There is freedom in running through the world that surrounds you, making you feel as if nothing can hold you back. In a very real way it’s pure exploration. I’ve seen horse pastures covered in morning mist, cemeteries in twilight, foreign and American cities at their best and worst. I’ve seen the sun come up over the Atlantic Ocean and go down over the Rocky Mountains with the sky in hews of orange and purple. People view distance running as daunting, painful, boring, or just impossible, rather than the easiest thing in the world to do once your body is accustomed to activity. It’s one step in front of the other, preferably in rapid succession.
In the United States, 57 million people ran or jogged in 2012, and many competed in over 26 thousand running events from the encouraging 5K to the mighty marathon. Every year people wake up, lace up, and hit the streets or trails. You can, too. The biggest obstacle that anyone, including myself, can face is taking that first step. I’ll be honest with you, taking that first step into a world away from the electronic realm is more difficult than it should be. The first time you run will be difficult and you will hurt. As you run more and more it will become near effortless. Muscle needs to be built and endurance needs to be achieved, but here are four reasons to take that first step into the unknown.
“A journey of a thousand miles begins with a single step.”
—Lao-tzu, Chinese philosopher
Reason #1: Running for Your Physical Health
Fortunately, as you run you pick up more than a few health bonuses along the way. The most quoted health benefit is the cardiovascular boost you receive from running. Running helps lower blood pressure and helps arteries maintain their elasticity. While running, the arteries expand and contract approximately three times as much as they do when you are sedentary. Also, running helps your joints by fighting osteoarthritis. Obesity is the most common cause for osteoarthritis and runners are more likely to have a healthy body weight. Furthermore, running increases bone density and also boosts ligament and cartilage strength. Best of all, according to the American College of Cardiology, “compared with non-runners… runners had a 30 percent lower risk of death from all causes and a 45 percent lower risk of death from heart disease or stroke. Runners on average lived three years longer compared to non-runners. Also, to reduce mortality risk at a population level from a public health perspective… promoting running is as important as preventing smoking, obesity or hypertension.”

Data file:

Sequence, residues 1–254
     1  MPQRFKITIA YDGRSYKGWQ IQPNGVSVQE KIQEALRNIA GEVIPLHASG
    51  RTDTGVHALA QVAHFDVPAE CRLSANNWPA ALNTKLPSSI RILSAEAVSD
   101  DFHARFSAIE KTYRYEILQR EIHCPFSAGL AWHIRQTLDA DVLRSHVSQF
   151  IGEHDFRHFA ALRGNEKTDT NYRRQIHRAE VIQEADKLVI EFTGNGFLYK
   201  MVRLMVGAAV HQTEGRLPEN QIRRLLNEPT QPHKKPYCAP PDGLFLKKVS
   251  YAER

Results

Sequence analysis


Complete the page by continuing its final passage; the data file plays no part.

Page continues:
Reason #2: Running for Your Psychological Health
I’ve heard it commonly said the “running is cheaper than therapy,” and having done both I can say that this is absolutely true. The solitude of running allows one to reflect on the trials and tribulations that occur throughout daily life. The physical act of running allows the body to work out feelings of aggression, frustration, and anger. There is a certain amount of zen that goes along with running. Furthermore, there’s something called a “runner’s high”, a feeling of euphoria praised by many a runner. This is thought to occur when increased blood flow combines with a large increase in production and subsequent release of endorphins and serotonin attach themselves to the emotion centers of the brain. This all acts as a natural antidepressant. Plus, it’s addictive as hell, but in a good way.
Reason #3: Running is Cheap…
…or as cheap as you want it to be. Fitness clubs and gyms charge between $41 and $49 a month, grossing more than $26.5 billion in 2013. The first thing that you need to get started is simply a pair of good shoes. A good pair of shoes will cost you $100, so for the cost of a couple of months of membership dues at a gym you get a year’s worth of adventure. I can’t emphasize this enough, run in a good pair of running shoes. The quickest path to injury is to wear old shoes, non-running shoes, or ill-fitting shoes. They will tear up your shins and hurt your knees. Other than shoes, nothing else is really needed. Lightweight fabric, special chafe resistant undergarments, performance socks, water carrying systems, and GPS devices are all nice to have but aren’t ultimately necessary. Shoes and the open road are all that you need (and even then not always).
Reason #4: Running is Fun
Run. Run from your front door, through your local park, around a lake, or through city streets. The scenery is always changing, so discover what’s beyond your tablet and phone! Distance doesn’t even matter. Take off from your house and run a mile or two or thirty. Run a 5K, 10K, half marathon, or train for a full. Run by yourself, the lone explorer looking forward to the treasures that the next turn will reveal. Escape into your mind, reflecting, problem solving, or daydreaming as the world passes by. Run in a group, charging up that hill like cavalry on horseback. Running clubs are great places to meet people that are motivating, supportive, and kind-hearted. This is to say nothing of the people you run next to in an event such as a half or full marathon.
I have touched heaven running through this world, I have run through hell, and I have never once not had fun doing so. Running through this world has shown me what it is to take pride in myself and everything I can accomplish. You will feel pain, but not weakness, and your body will adapt and crave the open trail or road. While running though this world, I’ve made lifelong friends and run feet below military aircraft as they landed. I’ve run the streets of Los Angeles, Seoul, Atlanta, and dozens of smaller cities. I’ve run the highest road in North America and beaches on both coasts. Running is an adventure, find yours.